Although we in the Netherlands seem to be leaping from one lockdown to the next, there have been plenty of hopeful innovations surrounding corona over the past year. Innovation Origins looks back on the most notable developments and peers ahead into the new year with internist-infectious disease specialist Astrid Oude Lashof. Will we finally be rid of the virus?
To answer that last question straight away: No. According to Astrid Oude Lashof, an internist-infectiologist affiliated with the Maastricht University Medical Centre, it won’t be be any time soon. Regrettably. “But what we do see is that we are becoming better at responding to a new variant. All over the world, scientists are doing research and sharing data. Now we can see much faster how virulent – pathogenic – the new Omicron variant is. With this data, governments are able to anticipate more readily, and it allows pharmaceutical companies to adjust their vaccines more rapidly. I think that’s a great development.”
Another development that Oude Lashof is very excited about involves the diagnostics of the virus. “We’ve gotten better in the past year at detecting the virus earlier. PCR tests are getting better, faster and more reliable. But serological tests, where the blood is examined for virus particles and antibodies, have also become faster and more reliable. The advantage is that you can tell immediately whether a patient is presenting with antibodies or not. That’s a very nice development. Patients who do not have antibodies or who do not produce them can be treated with antibodies more quickly this way. Especially in the case of the Delta variant, this reduced the risk of mortality and fewer people were admitted to the hospital.”
Would you like to know more? Read about an Eindhoven blood test that went international.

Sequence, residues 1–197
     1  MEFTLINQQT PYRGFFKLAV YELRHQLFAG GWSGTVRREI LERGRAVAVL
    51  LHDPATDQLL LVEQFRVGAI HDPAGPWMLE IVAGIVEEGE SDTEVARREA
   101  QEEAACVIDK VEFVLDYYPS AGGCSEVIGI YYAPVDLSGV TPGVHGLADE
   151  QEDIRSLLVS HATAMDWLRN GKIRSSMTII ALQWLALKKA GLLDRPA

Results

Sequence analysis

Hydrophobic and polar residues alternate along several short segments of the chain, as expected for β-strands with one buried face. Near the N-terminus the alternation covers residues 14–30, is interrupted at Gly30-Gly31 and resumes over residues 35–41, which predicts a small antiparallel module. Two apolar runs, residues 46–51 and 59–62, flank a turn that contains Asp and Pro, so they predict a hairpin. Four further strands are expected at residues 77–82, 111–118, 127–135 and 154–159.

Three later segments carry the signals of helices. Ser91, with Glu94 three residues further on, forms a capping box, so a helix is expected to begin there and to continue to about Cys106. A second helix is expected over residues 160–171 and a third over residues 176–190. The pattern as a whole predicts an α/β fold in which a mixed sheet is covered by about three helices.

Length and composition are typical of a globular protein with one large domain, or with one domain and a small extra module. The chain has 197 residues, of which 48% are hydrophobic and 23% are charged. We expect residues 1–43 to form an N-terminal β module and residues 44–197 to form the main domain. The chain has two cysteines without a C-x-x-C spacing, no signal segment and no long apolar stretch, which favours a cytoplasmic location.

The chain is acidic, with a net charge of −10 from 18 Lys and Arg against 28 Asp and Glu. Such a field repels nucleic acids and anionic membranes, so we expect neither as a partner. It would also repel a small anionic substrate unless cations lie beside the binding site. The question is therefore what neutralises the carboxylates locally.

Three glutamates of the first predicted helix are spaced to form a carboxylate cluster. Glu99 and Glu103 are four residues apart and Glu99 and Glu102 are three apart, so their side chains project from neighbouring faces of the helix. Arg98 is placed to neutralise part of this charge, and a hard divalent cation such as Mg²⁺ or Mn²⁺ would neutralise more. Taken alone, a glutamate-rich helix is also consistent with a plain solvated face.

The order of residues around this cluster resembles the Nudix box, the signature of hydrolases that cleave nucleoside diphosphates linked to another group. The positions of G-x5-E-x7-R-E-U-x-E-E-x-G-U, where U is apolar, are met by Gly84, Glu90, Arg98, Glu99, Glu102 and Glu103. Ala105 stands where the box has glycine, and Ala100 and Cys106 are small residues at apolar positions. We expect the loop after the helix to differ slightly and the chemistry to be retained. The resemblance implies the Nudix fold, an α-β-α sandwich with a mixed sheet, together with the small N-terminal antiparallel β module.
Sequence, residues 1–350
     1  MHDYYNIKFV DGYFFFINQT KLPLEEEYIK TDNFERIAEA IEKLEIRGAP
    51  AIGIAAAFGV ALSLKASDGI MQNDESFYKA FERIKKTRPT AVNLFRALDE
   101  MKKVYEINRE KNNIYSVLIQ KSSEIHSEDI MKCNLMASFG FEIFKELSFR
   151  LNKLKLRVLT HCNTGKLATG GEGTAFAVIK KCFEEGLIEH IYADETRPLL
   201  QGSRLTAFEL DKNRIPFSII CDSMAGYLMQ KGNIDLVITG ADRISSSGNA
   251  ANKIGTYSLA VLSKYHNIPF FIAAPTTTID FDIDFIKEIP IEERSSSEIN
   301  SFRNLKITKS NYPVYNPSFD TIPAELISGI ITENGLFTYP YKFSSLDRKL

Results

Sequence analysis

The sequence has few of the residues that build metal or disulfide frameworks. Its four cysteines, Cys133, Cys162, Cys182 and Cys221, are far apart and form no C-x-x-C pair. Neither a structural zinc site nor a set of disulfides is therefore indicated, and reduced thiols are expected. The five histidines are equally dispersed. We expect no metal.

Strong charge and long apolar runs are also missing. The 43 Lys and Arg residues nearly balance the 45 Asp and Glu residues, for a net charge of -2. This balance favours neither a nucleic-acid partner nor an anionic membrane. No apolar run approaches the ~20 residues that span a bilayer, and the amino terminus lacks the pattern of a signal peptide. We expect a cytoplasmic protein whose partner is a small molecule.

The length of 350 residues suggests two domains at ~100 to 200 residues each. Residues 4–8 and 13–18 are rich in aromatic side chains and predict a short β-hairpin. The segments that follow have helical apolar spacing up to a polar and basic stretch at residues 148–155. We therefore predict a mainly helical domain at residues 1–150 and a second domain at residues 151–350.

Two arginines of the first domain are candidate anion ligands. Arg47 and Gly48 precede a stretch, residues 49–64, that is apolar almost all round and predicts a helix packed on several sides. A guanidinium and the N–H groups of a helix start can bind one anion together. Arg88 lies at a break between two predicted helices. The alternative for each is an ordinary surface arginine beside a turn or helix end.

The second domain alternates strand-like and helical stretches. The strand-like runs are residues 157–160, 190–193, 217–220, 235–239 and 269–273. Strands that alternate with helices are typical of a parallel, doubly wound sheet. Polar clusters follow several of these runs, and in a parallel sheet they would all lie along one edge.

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A look back at 2021 is not complete without mentioning vaccine technology, Oude Lashof states. This is the first time that the reasonably new mRna vaccines have been deployed on such a large scale in the world. “This breakthrough means that vaccines can be adapted and produced more quickly. That this technology is now being used globally is completely new. Smallpox was eradicated thanks to vaccinations; in the end, almost everyone got a shot for that. But not nearly as many people as nowadays – also because, of course, there are more people in the world today. I find the speed of how things are going today particularly fascinating. From the development of vaccines to the vaccinations themselves. But unfortunately we have to acknowledge that this applies mainly to wealthy countries; the pace in low-income and, to a lesser extent, middle-income countries is still lagging behind.”
There is also no solution (yet) for people with compromised immunity to get vaccinated. We wrote earlier this year that doctors at the university hospital in Tübingen, Germany, are working on this kind of vaccine. “Such a vaccine is not yet registered in the Netherlands. It is complicated to develop a good and safe working vaccine for people with poor immunity. It concerns relatively small groups of people who cannot receive a ‘normal’ vaccine for health reasons. In April 2020, it was still assumed that we would get there with herd immunity, but because we are now constantly being confronted with new variants, this appears to be very difficult. That is why it is still very important that scientists are still working on this.”
Generic covid vaccines
The same applies to generic vaccines. These vaccines are intended to protect us not only against current virus variants, but also against any future mutations. Without having to develop new vaccines for these or modify existing ones. “Now you see that pharmaceutical companies are having to adapt their vaccines to Omicron, which happens incredibly quickly with the current technology – around three months. That’s already extremely fast. But it would be even better if you could find a vaccine that also protects against new mutations,” the infectious disease specialist explains.